Lt. Gov. Beverly Perdure
U.S. Rep. Sue Myrick
are two names being circulated as potential candidates to make gubernatorial runs in 2008 when Gov. Mike Easley must vacate the office after serving back-to-back four-year terms.
"I do believe I'd be the best person to lead the state," said Perdue, a Democrat.
But, she said she was not ready to make a gubernatorial run official.
And, neither is Myrick. The Charlotte Republican will say only that she is considering requests for her to run for governor.
"Obviously, being a member of the U.S. House delegation gives you a tremendous amount of power within the state party," said Andrew Taylor, associate professor of political science at N.C. State University.
Recent polls show Myrick and Perdue have the most name recognition in their respective parties among a field of potential candidates for governor.
Such early recognition for Myrick and Perdue is occurring in a state that has lagged behind other states in electing female candidates, said David McLennan, associate professor of communication, politics and public affairs at Peace College.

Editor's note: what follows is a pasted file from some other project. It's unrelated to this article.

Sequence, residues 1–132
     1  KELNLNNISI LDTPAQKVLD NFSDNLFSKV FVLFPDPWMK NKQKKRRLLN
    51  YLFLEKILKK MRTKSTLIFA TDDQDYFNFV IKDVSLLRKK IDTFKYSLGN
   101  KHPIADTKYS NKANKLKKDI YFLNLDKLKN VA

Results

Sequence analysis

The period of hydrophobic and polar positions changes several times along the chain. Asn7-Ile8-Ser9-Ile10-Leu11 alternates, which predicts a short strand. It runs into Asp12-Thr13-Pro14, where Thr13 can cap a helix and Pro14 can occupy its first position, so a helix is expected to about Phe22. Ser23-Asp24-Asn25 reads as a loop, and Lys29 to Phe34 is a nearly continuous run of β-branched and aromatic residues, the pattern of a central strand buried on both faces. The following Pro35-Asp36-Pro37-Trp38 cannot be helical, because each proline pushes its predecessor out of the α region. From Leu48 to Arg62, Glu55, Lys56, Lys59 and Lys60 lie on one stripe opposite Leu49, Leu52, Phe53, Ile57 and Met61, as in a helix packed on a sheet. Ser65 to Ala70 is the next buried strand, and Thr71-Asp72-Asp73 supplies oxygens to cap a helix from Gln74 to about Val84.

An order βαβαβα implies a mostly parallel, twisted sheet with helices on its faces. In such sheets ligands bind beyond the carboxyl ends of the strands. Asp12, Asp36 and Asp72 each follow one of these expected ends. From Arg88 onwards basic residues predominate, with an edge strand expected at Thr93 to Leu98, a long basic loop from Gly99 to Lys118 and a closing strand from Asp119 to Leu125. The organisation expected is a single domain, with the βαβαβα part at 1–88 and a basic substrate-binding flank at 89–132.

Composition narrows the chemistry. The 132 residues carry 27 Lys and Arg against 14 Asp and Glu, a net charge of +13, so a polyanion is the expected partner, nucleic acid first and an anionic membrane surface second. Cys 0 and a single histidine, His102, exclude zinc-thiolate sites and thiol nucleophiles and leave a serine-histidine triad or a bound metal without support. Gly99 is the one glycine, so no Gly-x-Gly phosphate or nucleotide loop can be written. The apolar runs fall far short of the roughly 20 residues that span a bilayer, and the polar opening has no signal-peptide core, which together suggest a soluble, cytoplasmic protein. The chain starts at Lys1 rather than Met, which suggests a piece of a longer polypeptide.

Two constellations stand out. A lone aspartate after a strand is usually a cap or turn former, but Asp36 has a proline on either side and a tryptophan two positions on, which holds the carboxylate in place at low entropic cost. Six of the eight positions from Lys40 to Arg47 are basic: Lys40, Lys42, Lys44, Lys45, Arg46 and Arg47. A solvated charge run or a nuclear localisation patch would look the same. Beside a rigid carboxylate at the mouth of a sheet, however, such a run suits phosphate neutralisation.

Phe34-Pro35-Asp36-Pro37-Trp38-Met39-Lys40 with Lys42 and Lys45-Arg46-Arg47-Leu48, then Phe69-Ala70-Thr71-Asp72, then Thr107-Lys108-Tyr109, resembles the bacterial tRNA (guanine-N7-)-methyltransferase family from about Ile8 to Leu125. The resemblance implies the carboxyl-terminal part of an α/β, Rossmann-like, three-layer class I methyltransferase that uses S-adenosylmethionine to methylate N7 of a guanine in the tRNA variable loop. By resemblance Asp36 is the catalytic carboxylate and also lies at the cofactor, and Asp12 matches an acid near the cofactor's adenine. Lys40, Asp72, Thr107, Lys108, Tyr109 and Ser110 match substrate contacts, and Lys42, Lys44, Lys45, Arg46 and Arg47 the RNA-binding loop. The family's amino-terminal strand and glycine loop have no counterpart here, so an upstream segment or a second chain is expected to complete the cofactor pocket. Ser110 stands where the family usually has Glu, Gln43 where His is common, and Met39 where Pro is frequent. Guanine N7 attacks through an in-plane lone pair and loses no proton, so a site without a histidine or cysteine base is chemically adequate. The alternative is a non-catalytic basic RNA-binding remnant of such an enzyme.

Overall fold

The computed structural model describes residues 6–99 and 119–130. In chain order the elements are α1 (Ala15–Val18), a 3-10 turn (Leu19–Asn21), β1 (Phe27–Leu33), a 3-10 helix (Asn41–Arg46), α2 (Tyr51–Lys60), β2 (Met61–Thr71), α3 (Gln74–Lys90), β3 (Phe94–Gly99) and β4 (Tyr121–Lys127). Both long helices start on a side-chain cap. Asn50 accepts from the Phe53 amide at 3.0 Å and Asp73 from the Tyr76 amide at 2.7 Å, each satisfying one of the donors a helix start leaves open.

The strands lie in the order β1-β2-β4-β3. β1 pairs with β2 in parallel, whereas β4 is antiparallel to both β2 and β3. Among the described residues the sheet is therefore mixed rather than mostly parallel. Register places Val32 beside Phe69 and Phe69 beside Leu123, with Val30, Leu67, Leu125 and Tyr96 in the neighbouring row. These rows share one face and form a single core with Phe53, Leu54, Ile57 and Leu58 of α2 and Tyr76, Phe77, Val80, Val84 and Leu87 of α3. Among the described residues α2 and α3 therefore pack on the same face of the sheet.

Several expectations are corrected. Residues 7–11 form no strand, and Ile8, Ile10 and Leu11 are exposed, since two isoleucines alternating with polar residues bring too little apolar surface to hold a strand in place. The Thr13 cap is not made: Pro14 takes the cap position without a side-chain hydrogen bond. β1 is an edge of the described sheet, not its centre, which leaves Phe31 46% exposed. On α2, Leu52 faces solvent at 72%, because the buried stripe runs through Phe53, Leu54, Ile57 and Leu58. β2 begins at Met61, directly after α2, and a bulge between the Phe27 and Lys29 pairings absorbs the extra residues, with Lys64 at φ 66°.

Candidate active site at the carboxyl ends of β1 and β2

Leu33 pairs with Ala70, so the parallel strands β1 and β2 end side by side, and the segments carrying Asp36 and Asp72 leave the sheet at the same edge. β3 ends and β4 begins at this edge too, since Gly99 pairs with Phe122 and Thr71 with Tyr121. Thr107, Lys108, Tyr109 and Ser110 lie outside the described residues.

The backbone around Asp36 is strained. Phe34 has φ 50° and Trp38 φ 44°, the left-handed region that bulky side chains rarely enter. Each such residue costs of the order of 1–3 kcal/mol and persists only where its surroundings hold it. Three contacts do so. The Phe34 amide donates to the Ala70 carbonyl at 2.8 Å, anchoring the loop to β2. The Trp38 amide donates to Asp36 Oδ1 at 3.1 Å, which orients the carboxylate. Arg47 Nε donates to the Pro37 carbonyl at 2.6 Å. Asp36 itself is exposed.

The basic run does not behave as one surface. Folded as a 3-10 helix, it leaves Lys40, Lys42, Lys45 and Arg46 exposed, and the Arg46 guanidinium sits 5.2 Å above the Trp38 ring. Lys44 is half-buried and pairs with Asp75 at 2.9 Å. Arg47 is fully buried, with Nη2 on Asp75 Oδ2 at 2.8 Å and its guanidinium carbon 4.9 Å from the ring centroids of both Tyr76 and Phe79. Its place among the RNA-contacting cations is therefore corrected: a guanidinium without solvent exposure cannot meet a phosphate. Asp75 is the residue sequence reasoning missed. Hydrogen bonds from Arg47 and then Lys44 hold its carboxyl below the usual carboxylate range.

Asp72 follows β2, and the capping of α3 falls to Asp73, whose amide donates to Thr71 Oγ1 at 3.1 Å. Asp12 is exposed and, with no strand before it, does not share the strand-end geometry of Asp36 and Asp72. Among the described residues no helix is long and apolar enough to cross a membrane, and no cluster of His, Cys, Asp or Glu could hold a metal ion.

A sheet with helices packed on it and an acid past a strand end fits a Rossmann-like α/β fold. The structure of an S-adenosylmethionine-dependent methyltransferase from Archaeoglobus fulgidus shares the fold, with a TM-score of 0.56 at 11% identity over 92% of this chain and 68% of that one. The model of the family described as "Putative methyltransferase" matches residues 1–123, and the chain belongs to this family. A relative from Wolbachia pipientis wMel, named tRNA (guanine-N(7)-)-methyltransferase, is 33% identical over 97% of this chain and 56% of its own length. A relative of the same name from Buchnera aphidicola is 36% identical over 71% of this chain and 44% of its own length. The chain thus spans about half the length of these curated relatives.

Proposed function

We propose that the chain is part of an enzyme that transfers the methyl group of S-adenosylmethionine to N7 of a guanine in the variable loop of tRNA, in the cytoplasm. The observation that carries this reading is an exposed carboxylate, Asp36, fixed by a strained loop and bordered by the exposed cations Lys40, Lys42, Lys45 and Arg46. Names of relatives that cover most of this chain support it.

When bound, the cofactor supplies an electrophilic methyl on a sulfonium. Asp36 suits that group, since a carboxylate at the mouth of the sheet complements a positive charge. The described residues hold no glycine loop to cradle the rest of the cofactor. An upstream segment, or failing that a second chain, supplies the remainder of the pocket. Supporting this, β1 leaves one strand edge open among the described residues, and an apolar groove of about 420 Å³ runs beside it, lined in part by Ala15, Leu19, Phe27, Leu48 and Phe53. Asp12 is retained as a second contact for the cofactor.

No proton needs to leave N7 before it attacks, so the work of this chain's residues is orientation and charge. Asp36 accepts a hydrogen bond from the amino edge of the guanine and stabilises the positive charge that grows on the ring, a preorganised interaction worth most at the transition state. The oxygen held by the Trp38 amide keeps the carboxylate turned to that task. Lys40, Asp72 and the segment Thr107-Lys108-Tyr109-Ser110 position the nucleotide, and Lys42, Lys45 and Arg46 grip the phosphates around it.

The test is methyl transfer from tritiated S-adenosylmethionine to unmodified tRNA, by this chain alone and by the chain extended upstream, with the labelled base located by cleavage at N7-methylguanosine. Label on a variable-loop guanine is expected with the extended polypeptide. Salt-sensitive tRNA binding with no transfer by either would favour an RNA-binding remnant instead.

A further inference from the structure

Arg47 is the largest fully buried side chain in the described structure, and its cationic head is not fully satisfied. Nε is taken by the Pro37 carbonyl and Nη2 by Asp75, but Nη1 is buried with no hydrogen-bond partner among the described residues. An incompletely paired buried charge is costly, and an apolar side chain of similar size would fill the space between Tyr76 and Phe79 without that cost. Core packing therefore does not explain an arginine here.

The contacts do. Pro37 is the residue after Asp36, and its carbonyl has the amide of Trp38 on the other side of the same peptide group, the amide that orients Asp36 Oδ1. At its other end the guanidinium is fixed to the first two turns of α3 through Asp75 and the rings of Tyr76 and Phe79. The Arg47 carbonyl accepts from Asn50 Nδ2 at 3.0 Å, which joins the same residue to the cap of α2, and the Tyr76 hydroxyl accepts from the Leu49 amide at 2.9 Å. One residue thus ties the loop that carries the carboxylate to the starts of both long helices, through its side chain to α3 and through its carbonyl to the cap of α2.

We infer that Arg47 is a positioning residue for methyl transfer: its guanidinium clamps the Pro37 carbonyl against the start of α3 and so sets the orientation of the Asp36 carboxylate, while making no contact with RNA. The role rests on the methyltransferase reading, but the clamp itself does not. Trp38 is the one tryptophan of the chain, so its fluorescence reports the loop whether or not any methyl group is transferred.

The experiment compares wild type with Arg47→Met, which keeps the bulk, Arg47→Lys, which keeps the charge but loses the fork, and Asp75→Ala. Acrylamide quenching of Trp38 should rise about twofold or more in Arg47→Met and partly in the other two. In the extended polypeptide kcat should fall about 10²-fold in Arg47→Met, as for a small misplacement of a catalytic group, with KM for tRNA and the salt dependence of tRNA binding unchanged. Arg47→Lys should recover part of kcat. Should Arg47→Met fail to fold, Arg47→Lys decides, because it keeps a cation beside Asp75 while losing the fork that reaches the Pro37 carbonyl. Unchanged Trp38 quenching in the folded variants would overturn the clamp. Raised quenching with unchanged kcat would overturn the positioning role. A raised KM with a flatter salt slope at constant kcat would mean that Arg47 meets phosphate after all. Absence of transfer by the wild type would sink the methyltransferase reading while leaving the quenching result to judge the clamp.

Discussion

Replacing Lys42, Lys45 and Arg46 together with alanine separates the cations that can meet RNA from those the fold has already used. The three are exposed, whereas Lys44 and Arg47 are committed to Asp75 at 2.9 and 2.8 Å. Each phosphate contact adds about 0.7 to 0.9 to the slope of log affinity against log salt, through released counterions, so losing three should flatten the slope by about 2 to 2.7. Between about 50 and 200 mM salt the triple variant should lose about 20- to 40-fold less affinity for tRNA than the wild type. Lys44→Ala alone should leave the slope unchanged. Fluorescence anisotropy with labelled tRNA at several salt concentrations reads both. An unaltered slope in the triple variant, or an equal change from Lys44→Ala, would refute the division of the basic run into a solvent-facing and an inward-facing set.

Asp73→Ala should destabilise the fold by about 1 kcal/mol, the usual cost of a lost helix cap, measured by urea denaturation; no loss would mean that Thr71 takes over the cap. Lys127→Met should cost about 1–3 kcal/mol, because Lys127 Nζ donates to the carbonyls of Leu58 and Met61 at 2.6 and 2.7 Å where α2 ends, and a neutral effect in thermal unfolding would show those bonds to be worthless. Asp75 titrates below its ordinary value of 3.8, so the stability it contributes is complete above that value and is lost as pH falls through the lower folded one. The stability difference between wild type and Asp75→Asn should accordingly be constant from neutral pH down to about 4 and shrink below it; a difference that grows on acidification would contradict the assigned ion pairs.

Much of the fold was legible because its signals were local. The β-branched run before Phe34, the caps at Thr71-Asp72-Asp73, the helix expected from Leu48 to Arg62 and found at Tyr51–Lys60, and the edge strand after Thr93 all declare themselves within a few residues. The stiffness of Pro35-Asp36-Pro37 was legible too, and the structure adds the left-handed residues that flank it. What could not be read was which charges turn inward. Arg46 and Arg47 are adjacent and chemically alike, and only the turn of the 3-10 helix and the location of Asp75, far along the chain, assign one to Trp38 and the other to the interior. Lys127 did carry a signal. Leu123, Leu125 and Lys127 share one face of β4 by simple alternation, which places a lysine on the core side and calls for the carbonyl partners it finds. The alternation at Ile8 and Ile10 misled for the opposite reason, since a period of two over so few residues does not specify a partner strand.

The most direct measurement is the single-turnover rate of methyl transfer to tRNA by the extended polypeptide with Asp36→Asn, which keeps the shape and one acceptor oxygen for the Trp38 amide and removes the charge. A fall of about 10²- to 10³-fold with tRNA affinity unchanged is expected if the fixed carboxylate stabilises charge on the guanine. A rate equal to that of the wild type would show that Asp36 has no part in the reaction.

"The southeastern part of the country has fewer women serving in public office than any other region in the country," McLennan said. "So, we've had fewer women put into a position where they would be well-enough known to run for office."
But times have changed, he said.
Elizabeth Dole became North Carolina's first female U.S. senator three years ago.
Recent polls also revealed an overwhelming number of eligible voters said they would have no problem with a woman serving as North Carolina's chief executive.
Political observers added that 2008 could be the year for a female governor in North Carolina.
"It is highly possible we could have two women as the major party nominees," Taylor said.
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